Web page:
Friday, January 29, 2016
Foreign individuals seeking U.S. visas so that they can sell products or invest in businesses in the U.S. should consider applying for visas under the "E" visa category. E visas are available to citizens of any of the 82 countries that have treaties with the U.S. for trading or investing. There are two categories of E visas: E-1 Treaty Trader visas may be eligible to people who plan to sell goods or services in the U.S., and E-2 Treaty Investor visas may be eligible to people who have made a significant investment in the U.S.
Often, an owner of a business or the principal investor will apply for an E visa, but businesses can also apply for E visas for essential employees. An essential employee is someone who serves a supervisory or executive function, or someone who possesses highly specialized skills that are essential to the international project. The essential employee must be of the same nationality as the business owner. The E visa holder may also bring a spouse and dependents to the U.S.
For a business owner or essential employee to qualify for an E-1 Trader visa, the business must conduct substantial trade between the U.S. and its home country. There is no specific minimum level of trade that the business must conduct to qualify for the visa, but at least 50 percent of the company's international trade must be between the U.S. and the treaty country. To apply for an E-1 visa, businesses will have to submit an application that includes a business plan that outlines the company's history, products, sales force, and how it will develop trade to the U.S. Including letters or purchase orders from U.S. customers improve the likelihood that the Consulate will approve the application.
Businesses or individuals from treaty countries that make a substantial investment in the U.S. may apply for an E-2 visa. To apply for an E-2 investor visa, the applicant must be in the process of investing in or establishing a U.S. business or office. The investor must submit a detailed business plan that shows how the business will make money, how the foreign national applicant is qualified to manage the business, and how the investment is in fact an investment with potential income in excess of a salary to the investor. Creating U.S. jobs is also a factor that the U.S. government reviews. The business plan must include financial projections for at least three years. The investor will also have to show that he or she has already transferred funds to the U.S. If the investor is purchasing an existing business, he or she may deposit the funds in an escrow account with the condition that the funds will be returned if the government does not issue the visa.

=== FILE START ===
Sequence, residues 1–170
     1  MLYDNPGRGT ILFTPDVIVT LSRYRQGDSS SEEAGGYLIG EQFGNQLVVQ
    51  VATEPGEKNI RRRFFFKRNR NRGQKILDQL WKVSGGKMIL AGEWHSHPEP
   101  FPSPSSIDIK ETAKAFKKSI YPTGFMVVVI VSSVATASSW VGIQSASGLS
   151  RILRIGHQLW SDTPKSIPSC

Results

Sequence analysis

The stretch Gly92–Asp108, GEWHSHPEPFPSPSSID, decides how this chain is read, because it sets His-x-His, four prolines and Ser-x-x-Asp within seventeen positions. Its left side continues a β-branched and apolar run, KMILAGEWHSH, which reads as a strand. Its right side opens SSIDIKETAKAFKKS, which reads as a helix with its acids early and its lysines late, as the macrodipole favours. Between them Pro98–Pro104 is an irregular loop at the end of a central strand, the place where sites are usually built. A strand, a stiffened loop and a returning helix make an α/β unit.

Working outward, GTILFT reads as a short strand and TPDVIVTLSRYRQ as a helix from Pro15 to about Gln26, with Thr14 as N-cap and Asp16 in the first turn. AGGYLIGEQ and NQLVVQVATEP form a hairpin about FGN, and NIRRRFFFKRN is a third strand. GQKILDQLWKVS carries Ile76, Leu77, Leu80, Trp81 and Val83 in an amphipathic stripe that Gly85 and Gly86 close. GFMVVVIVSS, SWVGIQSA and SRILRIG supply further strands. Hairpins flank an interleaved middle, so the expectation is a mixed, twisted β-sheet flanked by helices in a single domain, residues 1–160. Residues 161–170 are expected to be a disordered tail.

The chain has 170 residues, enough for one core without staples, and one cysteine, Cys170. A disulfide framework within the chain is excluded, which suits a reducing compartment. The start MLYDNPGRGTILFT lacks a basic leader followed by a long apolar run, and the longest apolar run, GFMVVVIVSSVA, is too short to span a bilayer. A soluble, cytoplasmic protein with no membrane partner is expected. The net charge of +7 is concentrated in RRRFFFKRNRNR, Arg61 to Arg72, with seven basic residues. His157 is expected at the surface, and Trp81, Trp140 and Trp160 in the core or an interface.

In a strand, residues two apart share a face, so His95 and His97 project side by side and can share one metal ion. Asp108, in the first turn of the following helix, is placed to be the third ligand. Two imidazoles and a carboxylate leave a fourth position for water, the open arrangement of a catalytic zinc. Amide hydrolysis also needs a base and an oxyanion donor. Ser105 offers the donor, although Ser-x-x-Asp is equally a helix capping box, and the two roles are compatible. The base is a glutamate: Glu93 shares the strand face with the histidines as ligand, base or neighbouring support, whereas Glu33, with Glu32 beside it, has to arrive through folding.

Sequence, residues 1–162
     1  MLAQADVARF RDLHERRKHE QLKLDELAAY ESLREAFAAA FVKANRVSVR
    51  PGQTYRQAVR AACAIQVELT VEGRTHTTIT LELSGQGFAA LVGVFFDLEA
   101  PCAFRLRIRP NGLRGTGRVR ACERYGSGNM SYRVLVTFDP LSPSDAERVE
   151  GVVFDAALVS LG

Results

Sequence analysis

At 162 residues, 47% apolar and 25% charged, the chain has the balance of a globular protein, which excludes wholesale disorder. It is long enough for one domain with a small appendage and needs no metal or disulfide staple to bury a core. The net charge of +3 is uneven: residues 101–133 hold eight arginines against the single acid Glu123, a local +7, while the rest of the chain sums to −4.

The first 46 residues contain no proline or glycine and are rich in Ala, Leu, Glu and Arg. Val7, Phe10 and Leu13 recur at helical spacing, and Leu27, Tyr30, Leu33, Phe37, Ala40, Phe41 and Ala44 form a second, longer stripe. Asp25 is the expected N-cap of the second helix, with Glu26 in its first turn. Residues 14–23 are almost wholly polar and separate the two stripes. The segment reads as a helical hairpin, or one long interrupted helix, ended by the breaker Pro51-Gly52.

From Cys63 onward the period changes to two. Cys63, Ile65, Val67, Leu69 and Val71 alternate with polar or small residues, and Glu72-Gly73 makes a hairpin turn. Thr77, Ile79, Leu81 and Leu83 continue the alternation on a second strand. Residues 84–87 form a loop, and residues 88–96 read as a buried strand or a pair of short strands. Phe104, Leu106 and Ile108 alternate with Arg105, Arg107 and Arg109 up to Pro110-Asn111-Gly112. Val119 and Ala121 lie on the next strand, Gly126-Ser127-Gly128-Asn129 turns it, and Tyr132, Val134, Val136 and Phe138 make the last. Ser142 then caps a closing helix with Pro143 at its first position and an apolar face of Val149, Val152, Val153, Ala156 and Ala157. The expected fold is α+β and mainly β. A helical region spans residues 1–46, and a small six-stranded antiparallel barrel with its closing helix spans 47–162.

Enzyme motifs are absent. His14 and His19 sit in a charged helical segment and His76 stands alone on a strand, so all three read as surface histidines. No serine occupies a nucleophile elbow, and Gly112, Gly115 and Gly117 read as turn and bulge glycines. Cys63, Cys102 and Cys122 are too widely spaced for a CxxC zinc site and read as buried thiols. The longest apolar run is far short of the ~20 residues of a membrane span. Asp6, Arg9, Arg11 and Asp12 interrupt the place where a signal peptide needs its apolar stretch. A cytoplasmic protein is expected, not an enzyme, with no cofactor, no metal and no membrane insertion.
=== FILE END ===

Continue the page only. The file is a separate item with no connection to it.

All E visa candidates must submit an application with a designated U.S. Consulate. A consular officer who specializes in processing E visas will carefully review the application, which can take weeks or months, depending on the Consulate's workload. The Consulate will interview the applicant to verify the facts in the application and evaluate whether the applicant can likely manage the business. The Consulate will also consider the applicant's financial history. If there is any question about where the funds for an investment came from and whether they are the result of illegal activity, the Consulate will deny the application.
For most countries, E-1 and E-2 visas are typically approved for up to five years. If the applicant is working on a start-up business, the Consulate may approve the visa for fewer than five years. E visa holders can renew their visas indefinitely for as long as they are managing their business or investment and it is profitable. To renew an application, the Consulate often requires the applicant to submit U.S. tax returns as evidence of the profit and health of the business.
Foreign companies and individuals based in companies from countries with which the U.S. has a treaty should carefully consider applying for E category visas if they want to build a business in the U.S.
For more information about E visas and other immigration matters, please contact Joel Pfeffer, Elaina Smiley, or Gary M. Sanderson.
Monday, January 25, 2016
The much-reviled Capital Stock Tax actually predates the Civil War and helped bolster the perception that Pennsylvania is not a business-friendly state. The Capital Stock Tax was assessed on corporations, limited liability companies (including limited liability companies taxed as partnerships for federal tax purposes), joint-stock associations and business trusts. The tax was calculated utilizing a mandated formula based on the entity's balance sheet net equity and its earnings history. The formula often produced a tax liability for the entity even in loss years.
Last year, the Capital Stock Tax brought in over $250,000,000 in revenue for Pennsylvania; therefore, it is important to note that there is a risk that the tax will be reinstated in some capacity, especially in light of Harrisburg's protracted budget battle.
The expiration of the Capital Stock Tax is important because it now means that the limited partnership may no longer be the entity of choice for real estate projects in Pennsylvania. Instead, the limited liability company would be the preferred entity as it insulates investors from liability, does not require a formal management structure, provides the benefits of pass-through taxation and, unlike the limited partnership, it does not require the creation of two separate entities: the actual limited partnership and its corporate general partner. Utilizing a limited liability company instead of a limited partnership for future real estate projects will help lessen an investor's administrative burden over the life span of a real estate project.